Put the case that Liverpool plays a team threatened with relegation, struggles to gain control of the first half, and find the breakthrough, despite their opponents putting in more effort and creating more chances than them, in the form of a direct freekick as a result of a foul that never should have been given.
They then have a man advantage when the opponent get a man sent off, and score a second through equally controversial circumstances when the referee fails to spot a handball in the box on the way to goal. They then go on to win the match.
Now put the case that Manchester United, starting later that day in second place, going two goals behind to Spurs by half time for not capitalising on the many more chances they had in comparison. They come out of the break all guns firing, and get a penalty that was not quite stonewall, converted it, and went on to dominate a team that could not find the answer to them. Final score 5-2 and a comfortable win in the end.
The media goes on to have a field day about a comeback that never should have been if that penalty wasn't given. Harry Redknapp thinks that United would never have found a way back if not for Howard Webb. United were oh so lucky that Howard Webb was on our side. No mention of Javier Mascherano's blatant dive to win that freekick, nor Lucas's handball in the box gone unspotted.
Obviously, we completely struggled against Spurs all ninety minutes and were utterly unable to create another chance in that match. Obviously, Howard Webb awarded us five penalties in the match and that was how we got it back. Very evidently, Spurs were having go after go at us during the first half and followed it up in the second, resulting in bribery of Webb the only way we could have clawed our way back.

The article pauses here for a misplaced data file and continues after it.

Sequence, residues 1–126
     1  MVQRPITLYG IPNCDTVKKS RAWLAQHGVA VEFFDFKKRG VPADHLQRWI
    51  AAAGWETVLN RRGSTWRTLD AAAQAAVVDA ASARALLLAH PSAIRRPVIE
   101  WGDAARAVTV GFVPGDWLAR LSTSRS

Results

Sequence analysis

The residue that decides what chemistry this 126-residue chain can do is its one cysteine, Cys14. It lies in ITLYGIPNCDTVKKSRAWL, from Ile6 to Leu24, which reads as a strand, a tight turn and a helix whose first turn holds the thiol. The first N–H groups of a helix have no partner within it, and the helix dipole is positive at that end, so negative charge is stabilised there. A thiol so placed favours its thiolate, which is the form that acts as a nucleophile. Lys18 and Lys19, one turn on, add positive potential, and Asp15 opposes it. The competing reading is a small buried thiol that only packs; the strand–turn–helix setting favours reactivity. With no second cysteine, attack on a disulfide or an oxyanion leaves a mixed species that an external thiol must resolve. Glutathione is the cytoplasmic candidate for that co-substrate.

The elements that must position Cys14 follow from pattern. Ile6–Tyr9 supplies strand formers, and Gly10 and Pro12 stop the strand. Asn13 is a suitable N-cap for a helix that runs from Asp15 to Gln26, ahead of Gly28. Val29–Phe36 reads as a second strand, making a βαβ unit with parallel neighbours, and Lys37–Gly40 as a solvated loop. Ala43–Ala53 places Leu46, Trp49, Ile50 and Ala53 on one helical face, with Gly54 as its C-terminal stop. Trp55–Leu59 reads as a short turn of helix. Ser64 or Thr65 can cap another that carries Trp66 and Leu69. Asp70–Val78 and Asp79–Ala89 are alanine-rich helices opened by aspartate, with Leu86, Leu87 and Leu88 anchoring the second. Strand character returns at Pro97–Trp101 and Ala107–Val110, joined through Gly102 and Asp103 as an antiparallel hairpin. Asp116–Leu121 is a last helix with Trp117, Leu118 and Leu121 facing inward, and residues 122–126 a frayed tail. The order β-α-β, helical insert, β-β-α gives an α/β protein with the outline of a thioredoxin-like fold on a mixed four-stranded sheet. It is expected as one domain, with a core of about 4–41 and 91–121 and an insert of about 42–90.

Oh, and Liverpool were rock solid throughout, as usual.
You could find a team the world hates more than Man United. People all over are blatantly deluding themselves, clinging on to every excuse they have just so that they can have the satisfaction of denying us our 'moral right' to win. United always win titles because they are lucky. Passion, grit, willpower, skill and strokes of genius just seem to be beyond any of them to admit. Those words are reserved for other teams, and strictly not for us on matchday.
First and foremost, the decision itself to award the penalty may have been contentious, but on second look, keeper Gomez might have gotten the slightest of touches to it, but he, knowing he was the last man, collided into Carrick anyway to prevent him from stepping over to get the ball and play it on into the open goal.
Penalty? There is no question about it. Some say red card for the keeper. Most say we were gifted that breakthrough.
Regardless, if Spurs had had the guts or stomach for the fight, we were still trailing 1-2 then, and they could have held on to their lead if they had, as Redknapp felt, been the better team. How is it that one controversial penalty decision led to another four more goals going past them, all in spectacular style?
Why not credit Rooney and Ronaldo for their sheer magic last night? Why not applaud Tevez and the manner in which he injected such energy into the side upon his introduction? How about the kind of steel it takes for Dimitar Berbatov, under so much criticism by his team's fans of late, to produce a magnificent display that was capped by a goal?
I'm so sick of the whole luck talk that our success has been attributed to. Sure, I don't deny for one minute that we have had our fair share of luck sometimes, but last night was definitely not it, and we most certainly have not won 17 English titles being lucky all the way.
Still, it does bring out a really satisfied snigger in me and all Red Devils worldwide, now that we are on the verge of a record-equalling 18, the ABUs are wetting themselves trying to deny that we're simply the best team in England. Maybe they should change their motto.
"Next year is our year."